Popular

24
Jul 08

KATE BUSH – “Wuthering Heights”

FT + Popular107 comments • 6,829 views

#420, 11th March 1978

I’ve never read Wuthering Heights, though I like to imagine its heroine does a pushy-arm dance at some point. Looking it up on Wikipedia, however, I was shocked to realise that Kate Bush is singing this song as a ghost, but really that’s just another oddness on a teetering pile of them: in a really excellent article on Bush for the late Stylus magazine, Marcello Carlin (hi dere!) points out that she is “the last musician to be allowed to do what she likes, as and when she likes”, and the precocious, precious “Wuthering Heights” is both evidence and justification for this indulgence.

23
Jul 08

ABBA – “Take A Chance On Me”

FT + Popular53 comments • 3,115 views

#419, 18th February 1978

“Take A Chance On Me” couldn’t be more different from “The Name Of The Game”: here it’s the beloved who’s shy and afraid, and the singer who radiates confidence and amused self-security. “You don’t want to hurt me? Baby don’t worry, I ain’t gonna let you.”  The song is a typically ABBA-ish twist on a well-worn romantic situation: a rejected suitor pleading their case. Many writers would assume a hurt or hangdog perspective – instead “Take A Chance” is absurdly buoyant. Come on, it says, what’s the worst that could happen? It’s one of ABBA’s most straight-up joyous hits, brimful of an inspirational strength.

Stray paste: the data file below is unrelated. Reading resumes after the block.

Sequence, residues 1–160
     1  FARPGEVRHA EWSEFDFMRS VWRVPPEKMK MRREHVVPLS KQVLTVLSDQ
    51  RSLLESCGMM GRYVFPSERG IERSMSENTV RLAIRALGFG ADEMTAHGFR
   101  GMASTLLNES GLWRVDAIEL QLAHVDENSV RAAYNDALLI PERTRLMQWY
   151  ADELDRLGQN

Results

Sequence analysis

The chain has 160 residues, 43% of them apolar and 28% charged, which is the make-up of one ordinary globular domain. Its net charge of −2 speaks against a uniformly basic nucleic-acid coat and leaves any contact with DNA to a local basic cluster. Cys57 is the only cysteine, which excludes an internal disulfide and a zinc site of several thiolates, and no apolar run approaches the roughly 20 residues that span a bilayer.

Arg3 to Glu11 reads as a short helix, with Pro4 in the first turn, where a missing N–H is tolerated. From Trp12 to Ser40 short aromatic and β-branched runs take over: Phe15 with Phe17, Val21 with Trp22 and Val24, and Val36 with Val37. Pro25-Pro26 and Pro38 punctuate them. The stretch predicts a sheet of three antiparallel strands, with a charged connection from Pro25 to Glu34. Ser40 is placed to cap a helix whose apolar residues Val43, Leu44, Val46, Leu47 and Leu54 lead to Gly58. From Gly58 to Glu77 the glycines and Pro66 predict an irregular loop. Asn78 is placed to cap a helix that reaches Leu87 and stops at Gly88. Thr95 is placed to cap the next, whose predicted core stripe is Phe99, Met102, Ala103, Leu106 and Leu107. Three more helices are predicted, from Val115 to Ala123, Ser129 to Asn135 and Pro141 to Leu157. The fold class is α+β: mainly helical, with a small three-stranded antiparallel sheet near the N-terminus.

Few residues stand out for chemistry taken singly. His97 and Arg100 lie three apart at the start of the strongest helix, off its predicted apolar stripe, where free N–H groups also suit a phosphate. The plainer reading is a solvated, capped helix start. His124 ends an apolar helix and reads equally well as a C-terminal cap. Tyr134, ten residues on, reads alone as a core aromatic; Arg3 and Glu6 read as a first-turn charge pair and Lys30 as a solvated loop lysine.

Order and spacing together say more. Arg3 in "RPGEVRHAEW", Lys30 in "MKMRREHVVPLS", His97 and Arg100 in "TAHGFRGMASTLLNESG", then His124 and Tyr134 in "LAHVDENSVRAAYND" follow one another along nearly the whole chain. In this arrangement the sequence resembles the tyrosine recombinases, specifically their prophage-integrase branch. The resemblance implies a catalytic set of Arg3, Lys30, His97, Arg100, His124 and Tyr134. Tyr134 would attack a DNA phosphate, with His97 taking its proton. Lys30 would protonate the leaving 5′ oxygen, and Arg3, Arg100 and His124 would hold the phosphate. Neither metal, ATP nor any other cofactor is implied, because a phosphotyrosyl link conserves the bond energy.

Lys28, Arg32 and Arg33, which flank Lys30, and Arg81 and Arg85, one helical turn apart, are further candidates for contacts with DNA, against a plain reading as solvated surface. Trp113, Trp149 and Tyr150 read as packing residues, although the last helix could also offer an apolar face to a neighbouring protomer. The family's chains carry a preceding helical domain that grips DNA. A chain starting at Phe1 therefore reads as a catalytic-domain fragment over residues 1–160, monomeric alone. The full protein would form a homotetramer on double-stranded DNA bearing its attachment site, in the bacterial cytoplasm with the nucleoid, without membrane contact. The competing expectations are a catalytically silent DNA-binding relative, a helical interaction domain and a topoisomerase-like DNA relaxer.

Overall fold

It’s also a step back from “The Name Of The Game”‘s complexity – the rhythm is “Dancing Queen” redux (though with a little more pep), and like that song it leads with its steamroller chorus. The simplicity here’s a little deceptive, though – that wonderful a capella rhythm line is as bold a stroke as you’ll find on any of their records, and the flashing, bubbling keyboards show that Benny and Bjorn had been paying attention to Moroder’s advances. But that’s really all secondary to the song’s effervescence, with the girls’ hammy semi-spoken bits summing the whole thing up: this is a band having casually brilliant fun.